The dried beans are packed into sacks, and the farmer sells his product to a buying station.

The buyer transports the sacks to an exporting company where the sacks are inspected, put into burlap, sisal, or plastic bags, and transported to the exporter’s warehouse, where the beans are stored until they’re shipped to a manufacturer.

PROFITABILITY OF COCOA FARMING

The international price of cocoa beans is currently rising in response to high demand for cocoa products as the industry wakes up to a potential long-term shortfall in global supply.

Prone to disease, maintenance of cocoa farms is labor intensive and requires the use of expensive chemicals to keep black pod disease at bay.

Cultivation is a delicate process and trees are sensitive to changing weather conditions such as excessive rain or drought which negatively affects yield per hectare.

Osun, Ondo and Cross River states are reported to contribute approximately 68% of Nigeria’s yearly cocoa output which reached a high of 350,000 MT in 2014 when the Ministry of Trade and Industry also reported that Nigeria made $1.3 billion from cocoa export, according to Center for Public Policy Alternatives.

There is however poor price transmission between export markets and producers.

STEPS IN SETTING UP A COCOA FARM

Starting a cocoa farm

Obtaining the land for cocoa cultivation  This is a cost that will vary widely around the world and within a country.

The land must be chosen so as to provide the best soil and climate for the cocoa trees.

Establishing the plantation  The costs involved here includes clearing the land, planting shade and cocoa trees, pruning, weeding, fertilizer and pesticide applications and constructing the required infrastructure such as roads, irrigation ditches, nursery and processing facilities.

Maintaining the plantation: The costs involves pruning, weeding, fertilizer and pesticide applications, harvesting and post-harvest processing.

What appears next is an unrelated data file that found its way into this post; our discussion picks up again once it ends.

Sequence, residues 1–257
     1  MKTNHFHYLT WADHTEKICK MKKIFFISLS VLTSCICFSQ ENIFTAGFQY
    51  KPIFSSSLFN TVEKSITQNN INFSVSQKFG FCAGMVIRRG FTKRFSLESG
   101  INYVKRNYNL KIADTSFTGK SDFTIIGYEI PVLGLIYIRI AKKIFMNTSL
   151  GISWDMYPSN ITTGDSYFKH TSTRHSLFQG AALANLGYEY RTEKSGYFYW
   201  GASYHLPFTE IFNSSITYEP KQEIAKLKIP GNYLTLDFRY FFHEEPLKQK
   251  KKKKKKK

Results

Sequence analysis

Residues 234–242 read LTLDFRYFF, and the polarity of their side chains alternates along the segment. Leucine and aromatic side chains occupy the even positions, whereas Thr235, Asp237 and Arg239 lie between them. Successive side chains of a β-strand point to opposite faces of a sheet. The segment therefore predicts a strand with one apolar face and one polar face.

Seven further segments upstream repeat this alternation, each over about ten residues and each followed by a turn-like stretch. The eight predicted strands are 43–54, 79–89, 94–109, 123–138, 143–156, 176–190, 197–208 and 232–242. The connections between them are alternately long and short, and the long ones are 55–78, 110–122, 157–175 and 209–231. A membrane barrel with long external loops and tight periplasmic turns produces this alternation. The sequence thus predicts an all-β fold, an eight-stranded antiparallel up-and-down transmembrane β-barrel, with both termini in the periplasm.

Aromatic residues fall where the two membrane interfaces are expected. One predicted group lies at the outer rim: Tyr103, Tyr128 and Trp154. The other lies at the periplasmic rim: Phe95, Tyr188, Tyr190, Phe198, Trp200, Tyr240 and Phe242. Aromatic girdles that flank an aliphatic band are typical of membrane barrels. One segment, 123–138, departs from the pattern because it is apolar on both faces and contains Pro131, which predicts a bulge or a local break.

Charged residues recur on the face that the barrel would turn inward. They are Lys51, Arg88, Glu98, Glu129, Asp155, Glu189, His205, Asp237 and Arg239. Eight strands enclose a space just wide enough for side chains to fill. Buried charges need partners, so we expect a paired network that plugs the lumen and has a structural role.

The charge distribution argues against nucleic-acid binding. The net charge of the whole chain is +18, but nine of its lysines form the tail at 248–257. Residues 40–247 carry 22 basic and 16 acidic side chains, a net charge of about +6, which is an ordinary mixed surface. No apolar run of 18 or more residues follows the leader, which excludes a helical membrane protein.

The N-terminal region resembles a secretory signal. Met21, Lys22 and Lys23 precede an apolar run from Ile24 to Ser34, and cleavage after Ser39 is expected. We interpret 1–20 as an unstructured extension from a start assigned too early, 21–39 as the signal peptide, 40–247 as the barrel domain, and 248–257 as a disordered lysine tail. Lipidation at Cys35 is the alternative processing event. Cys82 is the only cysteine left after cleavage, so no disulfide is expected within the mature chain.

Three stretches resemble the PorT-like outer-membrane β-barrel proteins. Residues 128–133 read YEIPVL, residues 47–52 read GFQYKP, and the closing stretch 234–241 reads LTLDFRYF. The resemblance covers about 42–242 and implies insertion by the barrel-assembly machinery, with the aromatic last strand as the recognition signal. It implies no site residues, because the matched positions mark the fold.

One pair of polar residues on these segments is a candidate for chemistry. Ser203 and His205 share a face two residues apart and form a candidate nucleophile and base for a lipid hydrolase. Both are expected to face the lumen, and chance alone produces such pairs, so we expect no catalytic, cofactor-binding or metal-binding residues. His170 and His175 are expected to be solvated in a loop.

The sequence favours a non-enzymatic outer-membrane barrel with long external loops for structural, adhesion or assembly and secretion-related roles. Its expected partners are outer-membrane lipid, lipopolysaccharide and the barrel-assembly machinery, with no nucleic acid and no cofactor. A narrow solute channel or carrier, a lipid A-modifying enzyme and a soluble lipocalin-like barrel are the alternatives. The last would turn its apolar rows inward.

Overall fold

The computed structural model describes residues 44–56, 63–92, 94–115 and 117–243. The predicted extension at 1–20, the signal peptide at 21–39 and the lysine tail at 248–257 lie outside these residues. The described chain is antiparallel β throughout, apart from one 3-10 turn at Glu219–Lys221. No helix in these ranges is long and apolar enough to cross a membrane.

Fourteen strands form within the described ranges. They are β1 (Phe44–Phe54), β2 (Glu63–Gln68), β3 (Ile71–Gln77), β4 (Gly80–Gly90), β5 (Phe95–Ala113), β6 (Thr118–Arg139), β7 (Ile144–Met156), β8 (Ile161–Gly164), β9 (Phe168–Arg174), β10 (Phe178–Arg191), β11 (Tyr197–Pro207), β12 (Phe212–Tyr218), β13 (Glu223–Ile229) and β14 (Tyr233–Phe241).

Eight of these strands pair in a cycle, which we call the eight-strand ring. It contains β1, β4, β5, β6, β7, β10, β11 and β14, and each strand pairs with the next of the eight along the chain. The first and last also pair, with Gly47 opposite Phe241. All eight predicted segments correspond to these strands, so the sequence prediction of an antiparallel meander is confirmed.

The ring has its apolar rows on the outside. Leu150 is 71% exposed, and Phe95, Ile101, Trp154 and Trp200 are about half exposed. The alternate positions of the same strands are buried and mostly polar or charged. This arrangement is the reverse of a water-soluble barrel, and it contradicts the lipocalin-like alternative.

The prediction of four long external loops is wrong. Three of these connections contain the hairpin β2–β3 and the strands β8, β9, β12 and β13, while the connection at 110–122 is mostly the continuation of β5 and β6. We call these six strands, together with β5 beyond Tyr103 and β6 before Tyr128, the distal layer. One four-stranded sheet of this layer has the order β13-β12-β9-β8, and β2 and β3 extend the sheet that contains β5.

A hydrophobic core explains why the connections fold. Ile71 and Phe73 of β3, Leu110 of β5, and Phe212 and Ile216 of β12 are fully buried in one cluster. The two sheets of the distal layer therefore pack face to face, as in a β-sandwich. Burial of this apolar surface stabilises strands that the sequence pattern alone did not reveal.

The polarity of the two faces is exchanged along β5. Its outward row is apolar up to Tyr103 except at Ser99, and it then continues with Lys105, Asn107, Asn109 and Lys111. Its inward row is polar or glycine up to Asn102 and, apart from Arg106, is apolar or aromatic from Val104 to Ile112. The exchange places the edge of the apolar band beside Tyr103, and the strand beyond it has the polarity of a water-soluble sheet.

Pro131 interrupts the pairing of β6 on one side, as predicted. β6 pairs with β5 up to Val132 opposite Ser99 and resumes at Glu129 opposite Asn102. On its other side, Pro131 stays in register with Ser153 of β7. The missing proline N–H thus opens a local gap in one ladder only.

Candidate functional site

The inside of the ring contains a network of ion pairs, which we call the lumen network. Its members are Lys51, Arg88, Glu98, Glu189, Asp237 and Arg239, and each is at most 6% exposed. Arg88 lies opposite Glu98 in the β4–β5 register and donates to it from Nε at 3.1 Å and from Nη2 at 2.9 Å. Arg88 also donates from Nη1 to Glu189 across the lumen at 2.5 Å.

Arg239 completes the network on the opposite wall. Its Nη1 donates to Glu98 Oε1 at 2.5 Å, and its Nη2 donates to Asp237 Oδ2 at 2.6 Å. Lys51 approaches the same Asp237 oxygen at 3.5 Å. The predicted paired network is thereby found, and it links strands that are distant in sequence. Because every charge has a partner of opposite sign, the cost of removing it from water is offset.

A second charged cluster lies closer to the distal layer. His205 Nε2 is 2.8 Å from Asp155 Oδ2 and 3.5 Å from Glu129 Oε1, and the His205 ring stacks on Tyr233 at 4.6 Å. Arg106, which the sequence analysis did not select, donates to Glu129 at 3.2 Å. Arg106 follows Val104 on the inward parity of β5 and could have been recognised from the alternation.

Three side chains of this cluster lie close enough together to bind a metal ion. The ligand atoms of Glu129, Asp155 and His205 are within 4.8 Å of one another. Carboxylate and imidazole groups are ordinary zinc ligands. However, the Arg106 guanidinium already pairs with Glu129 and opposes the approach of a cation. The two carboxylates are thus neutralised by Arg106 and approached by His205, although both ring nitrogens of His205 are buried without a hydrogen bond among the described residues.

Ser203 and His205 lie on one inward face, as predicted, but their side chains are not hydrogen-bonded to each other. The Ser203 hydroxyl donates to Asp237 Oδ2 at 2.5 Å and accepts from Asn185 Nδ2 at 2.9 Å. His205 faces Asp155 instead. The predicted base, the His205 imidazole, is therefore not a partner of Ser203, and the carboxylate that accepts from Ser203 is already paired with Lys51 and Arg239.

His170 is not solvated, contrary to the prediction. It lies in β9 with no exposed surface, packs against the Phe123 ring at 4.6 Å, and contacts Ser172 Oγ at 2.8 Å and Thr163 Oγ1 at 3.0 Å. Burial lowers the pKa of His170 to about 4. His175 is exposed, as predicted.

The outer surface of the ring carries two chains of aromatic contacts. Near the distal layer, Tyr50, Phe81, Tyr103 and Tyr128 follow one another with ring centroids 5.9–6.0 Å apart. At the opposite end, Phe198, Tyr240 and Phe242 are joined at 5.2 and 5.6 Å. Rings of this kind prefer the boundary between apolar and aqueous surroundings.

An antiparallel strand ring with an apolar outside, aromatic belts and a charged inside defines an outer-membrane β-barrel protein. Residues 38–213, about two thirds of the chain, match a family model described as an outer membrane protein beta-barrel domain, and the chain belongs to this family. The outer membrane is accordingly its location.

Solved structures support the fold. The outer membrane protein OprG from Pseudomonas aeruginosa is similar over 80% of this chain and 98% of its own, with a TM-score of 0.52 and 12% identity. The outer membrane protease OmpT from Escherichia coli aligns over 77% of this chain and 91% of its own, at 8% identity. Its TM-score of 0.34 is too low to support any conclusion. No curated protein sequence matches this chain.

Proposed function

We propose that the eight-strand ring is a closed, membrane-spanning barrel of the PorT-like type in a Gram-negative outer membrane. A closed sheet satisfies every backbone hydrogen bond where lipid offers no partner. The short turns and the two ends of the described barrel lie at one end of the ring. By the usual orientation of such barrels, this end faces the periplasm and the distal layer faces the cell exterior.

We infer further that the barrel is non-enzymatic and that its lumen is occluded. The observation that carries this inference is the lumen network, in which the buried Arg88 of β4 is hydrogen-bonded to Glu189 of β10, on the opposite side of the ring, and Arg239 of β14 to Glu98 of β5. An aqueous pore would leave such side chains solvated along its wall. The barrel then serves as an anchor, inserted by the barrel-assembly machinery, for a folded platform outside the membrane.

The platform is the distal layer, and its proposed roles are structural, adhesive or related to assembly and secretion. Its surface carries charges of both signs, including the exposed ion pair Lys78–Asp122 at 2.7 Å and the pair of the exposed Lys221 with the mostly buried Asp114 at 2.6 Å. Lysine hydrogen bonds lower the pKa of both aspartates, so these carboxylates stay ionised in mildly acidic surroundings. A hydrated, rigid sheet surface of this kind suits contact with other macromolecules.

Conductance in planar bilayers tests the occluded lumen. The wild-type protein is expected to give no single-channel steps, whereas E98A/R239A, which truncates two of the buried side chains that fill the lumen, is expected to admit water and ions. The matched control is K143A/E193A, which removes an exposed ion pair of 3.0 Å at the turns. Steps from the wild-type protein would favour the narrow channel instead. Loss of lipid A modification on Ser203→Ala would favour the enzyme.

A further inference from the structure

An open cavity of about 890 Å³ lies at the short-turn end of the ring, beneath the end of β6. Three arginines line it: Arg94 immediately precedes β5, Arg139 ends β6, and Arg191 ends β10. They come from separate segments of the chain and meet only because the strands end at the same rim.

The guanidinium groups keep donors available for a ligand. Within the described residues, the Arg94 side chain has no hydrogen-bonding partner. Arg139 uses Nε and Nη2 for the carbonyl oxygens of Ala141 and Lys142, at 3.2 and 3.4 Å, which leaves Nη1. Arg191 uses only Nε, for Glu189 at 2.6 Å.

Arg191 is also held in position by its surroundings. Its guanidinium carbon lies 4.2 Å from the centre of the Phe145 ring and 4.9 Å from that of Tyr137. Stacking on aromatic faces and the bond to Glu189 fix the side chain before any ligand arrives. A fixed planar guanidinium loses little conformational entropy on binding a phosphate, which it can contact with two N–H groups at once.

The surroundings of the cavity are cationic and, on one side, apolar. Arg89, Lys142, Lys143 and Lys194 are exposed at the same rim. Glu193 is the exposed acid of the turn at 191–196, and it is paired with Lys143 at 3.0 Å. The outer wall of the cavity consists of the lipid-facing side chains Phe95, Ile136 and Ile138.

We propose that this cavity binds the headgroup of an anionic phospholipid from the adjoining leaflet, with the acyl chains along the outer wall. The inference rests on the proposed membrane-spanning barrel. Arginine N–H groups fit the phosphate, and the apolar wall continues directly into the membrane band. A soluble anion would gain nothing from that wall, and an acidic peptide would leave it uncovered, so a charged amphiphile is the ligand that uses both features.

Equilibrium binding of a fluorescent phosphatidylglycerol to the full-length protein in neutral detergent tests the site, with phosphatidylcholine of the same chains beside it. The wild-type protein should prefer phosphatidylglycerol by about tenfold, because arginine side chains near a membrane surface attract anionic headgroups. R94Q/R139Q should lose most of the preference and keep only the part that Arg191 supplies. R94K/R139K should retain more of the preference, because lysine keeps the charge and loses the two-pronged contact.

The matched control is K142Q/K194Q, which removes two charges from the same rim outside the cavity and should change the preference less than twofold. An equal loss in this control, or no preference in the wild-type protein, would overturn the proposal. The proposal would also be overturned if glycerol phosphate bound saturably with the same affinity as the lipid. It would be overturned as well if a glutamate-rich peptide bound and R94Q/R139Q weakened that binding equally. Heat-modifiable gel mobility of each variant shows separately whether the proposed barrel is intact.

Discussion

You can visit International Cocoa Organization for more details.

The largest cost element in both establishing and maintaining a plantation is labor. Farm sizes vary and therefore labor costs vary, with many smallholders working the land themselves rather than hiring laborers.

So the costs for a large estate will be higher than for a smallholder.

A review of the case studies on labor usage for the maintenance of cocoa suggested that the mean labor usage, assuming a laborers works 230 days per year, in plantation conditions is 3.37 hectares per man per year.

Labor costs are followed by input costs such as fertilizers and pesticides; however, their use will depend on other factors such as the quality of the soil and the level of pests and diseases.

PRODUCTS THAT CAN BE MADE FROM COCOA

Cocoa product

Many different sorts of products can be derived from cocoa.

The husks of cocoa pods and the pulp surrounding the beans and the cocoa bean shells can be used.

Here are some examples of these uses as listed by International Cocoa Organization;

Animal feed from cocoa husk – As pelletized dry 100% cocoa pod husk, it can be used as an animal feed. The animal feed is produced by first slicing the fresh cocoa husks into small flakes and then partially drying the flakes, followed by mincing and pelleting and drying of the pellets.

Production of soft drinks and alcohol – In the preparation of soft drinks, fresh cocoa pulp juice (sweetings) is collected, sterilized and bottled.

For the production of alcoholic drinks, such as brandy, the fresh juice is boiled, cooled and fermented with yeast. After 4 days of fermentation the alcohol is distilled.

Potash from cocoa pod husk – Cocoa pod husk ash is used mainly for soft soap manufacture. It may also be used as fertilizer for cocoa, vegetables, and food crops.

To prepare the ash, fresh husks are spread out in the open to dry for one to two weeks. The dried husks are then incinerated in an ashing kiln.

These products include cocoa butter, cocoa powder, cocoa liquor to mention a few.

CONCLUSION

Cocoa farming has more advantages, presenting one of the best business opportunities in Agribusiness than drawbacks, being the fastest selling agricultural produce in the world, with global demand far exceeding supply.

It is a very profitable business that can reduce the unemployment scourge in Nigeria but the responsibility rests on the farmer to make a success of his farm.

Being ready to go the extra mile, continually learning the best practices in order to take advantage of modern scientific breakthroughs and business knowledge to run the business successfully.

COCOA FARMING SALE , TRANSPORTATION AND SHIPPING

Cocoa for sale

The dried beans are packed into sacks, and the farmer sells his product to a buying station.